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disparage (di-SPAR-ij) verb tr.

1. To speak slightingly; to belittle.

2. To lower in rank or estimation.

[From Middle English, from Old French desparage (to match unequally), from dis- + parage (equality), from per (peer), from Latin par (equal). A few cousins of this word are par, parity, peer, compare, and nonpareil.]

See more usage examples of disparage in Vocabulary.com's dictionary.

"He said he was not disparaging dealers, collectors or museum directors, but the 'degrading market hysteria'."
Maev Kennedy; Art Market 'A Cultural Obscenity'; Guardian (London, UK); Jun 2, 2004.

"Instead, she said First Selectman Paul Santoro refused to put the items on the agenda and has continued making disparaging comments about her."
Jennifer Babulsky; Town Clerk Not on Board Agenda ... Again; Norwich Bulletin (Connecticut); Jun 15, 2004.

This week's Guest Wordsmith, Robert W. Fuller writes:

Appears Everywhere Except the Dictionary: Rankism.

In kindergarten, I was put behind the piano on parents' visiting day for some minor infraction. My mother had to ask where I was and, even then, the teacher wouldn't let me out. Later in life, as an ex-college president I noticed that many who I thought were friends didn't return my calls, or no longer kept their promises to me, once I lost my title.

Racism is in the dictionary. It means race-based abuse and discrimination. Sexism is in the dictionary. It's gender-based abuse and discrimination. Rankism isn't in the dictionary, but it should be because it's as pervasive and as damaging as the familiar "isms". "Rankism" is the abuse of the power inherent in rank.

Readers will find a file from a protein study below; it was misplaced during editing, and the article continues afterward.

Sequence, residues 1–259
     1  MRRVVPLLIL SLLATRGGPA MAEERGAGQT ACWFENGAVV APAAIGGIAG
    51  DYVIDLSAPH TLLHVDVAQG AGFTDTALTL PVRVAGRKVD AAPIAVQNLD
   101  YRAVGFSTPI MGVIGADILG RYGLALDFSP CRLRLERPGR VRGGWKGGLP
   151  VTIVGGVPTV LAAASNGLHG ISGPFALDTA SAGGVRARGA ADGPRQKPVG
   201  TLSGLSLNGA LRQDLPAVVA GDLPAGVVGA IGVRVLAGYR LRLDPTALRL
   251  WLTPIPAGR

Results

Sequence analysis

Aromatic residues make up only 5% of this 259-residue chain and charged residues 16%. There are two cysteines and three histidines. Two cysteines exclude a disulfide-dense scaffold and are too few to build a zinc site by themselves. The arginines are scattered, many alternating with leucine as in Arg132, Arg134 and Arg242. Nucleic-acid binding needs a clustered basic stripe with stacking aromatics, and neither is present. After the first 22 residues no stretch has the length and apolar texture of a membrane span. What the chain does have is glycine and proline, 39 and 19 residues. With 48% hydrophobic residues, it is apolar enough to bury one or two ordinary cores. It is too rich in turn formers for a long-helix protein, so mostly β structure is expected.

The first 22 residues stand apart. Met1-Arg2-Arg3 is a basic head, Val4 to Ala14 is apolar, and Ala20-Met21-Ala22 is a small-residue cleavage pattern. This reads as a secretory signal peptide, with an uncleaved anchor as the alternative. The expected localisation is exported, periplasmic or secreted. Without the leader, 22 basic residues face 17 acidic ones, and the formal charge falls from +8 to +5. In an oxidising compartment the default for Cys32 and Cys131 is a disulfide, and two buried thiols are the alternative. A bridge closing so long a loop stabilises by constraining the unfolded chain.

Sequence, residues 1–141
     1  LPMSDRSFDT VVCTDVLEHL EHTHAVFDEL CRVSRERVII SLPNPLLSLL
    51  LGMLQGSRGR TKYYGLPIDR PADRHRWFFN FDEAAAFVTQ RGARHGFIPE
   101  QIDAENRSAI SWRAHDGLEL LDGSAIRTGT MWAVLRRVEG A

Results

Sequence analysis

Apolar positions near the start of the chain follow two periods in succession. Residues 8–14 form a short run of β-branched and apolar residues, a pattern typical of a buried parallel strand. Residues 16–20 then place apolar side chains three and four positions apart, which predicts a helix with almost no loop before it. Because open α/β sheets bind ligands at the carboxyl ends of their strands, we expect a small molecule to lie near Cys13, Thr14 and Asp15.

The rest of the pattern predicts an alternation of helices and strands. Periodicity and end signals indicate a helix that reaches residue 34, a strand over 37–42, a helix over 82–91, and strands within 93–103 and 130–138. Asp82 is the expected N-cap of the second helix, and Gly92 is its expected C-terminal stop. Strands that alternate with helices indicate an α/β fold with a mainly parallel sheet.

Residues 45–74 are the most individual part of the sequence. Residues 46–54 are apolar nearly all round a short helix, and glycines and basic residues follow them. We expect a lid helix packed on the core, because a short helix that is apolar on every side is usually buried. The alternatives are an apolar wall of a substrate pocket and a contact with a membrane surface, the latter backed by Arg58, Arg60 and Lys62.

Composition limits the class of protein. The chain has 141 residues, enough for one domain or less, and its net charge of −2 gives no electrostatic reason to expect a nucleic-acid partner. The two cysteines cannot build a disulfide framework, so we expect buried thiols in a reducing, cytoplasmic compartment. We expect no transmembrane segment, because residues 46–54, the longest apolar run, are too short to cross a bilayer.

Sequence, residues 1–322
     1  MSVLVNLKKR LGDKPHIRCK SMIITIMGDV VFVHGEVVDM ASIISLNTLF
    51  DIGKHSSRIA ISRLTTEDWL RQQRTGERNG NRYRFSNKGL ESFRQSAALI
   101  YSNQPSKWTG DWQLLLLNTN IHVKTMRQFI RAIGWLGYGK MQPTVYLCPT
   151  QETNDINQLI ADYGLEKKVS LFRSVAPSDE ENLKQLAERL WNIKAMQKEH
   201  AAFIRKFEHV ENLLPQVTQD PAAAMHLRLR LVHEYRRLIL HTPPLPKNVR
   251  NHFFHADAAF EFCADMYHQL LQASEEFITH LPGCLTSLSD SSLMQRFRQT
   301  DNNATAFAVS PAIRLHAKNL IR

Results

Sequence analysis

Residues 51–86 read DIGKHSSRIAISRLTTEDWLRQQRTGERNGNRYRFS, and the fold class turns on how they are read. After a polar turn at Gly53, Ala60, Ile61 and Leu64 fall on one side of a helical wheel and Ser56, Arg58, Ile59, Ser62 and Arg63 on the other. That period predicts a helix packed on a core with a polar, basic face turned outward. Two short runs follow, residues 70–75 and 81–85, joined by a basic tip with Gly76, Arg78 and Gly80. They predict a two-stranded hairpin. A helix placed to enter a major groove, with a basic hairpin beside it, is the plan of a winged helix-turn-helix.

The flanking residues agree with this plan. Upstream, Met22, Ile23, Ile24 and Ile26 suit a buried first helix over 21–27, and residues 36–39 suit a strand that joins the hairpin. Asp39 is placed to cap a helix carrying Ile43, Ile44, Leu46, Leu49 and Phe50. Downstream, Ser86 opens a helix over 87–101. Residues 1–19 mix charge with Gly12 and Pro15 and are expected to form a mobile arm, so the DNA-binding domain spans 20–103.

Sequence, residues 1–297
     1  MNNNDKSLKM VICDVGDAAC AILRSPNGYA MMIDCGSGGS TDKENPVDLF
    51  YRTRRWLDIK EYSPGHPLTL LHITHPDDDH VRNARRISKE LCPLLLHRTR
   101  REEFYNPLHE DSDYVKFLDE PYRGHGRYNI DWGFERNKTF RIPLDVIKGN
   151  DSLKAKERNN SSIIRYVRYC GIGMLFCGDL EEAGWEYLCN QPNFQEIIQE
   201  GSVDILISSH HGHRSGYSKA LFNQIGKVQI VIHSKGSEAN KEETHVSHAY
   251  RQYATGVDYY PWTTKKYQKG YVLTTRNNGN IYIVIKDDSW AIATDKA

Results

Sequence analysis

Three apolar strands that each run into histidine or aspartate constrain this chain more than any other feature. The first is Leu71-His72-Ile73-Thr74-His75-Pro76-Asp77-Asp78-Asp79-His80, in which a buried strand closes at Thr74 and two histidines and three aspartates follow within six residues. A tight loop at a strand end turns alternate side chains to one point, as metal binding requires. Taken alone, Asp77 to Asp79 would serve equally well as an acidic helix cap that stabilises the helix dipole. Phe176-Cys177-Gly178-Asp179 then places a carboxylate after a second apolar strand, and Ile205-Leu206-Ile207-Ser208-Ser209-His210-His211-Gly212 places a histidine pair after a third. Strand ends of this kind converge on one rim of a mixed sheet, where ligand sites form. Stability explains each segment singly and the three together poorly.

Rankism happens every day: a teacher humiliates a student, a boss harasses an employee, a cleric abuses a parishioner, a guard degrades a prisoner, one group of people discriminates against another.

Rank in itself is not necessarily a bad thing. Pilots, professors, politicians - many people have earned their rank and use it to serve others. However, others "pull rank", using their status to diminish, even exploit, others. That's rankism. A dignitarian society is one that disallows rankism.

(Robert W. Fuller taught at Columbia University and served as president of Oberlin College. He is the author of Somebodies and Nobodies.)

To help raise awareness about rankism, The Harnisch Family Foundation has offered to send a free copy of Dr. Robert W. Fuller's book "Somebodies and Nobodies", to the first five hundred AWAD readers who request it: https://dignitarians.org/freebooks.html (this offer is now closed).


Rain! whose soft architectural hands have power to cut stones, and chisel to shapes of grandeur the very mountains. -Henry Ward Beecher, preacher and writer (1813-1887)

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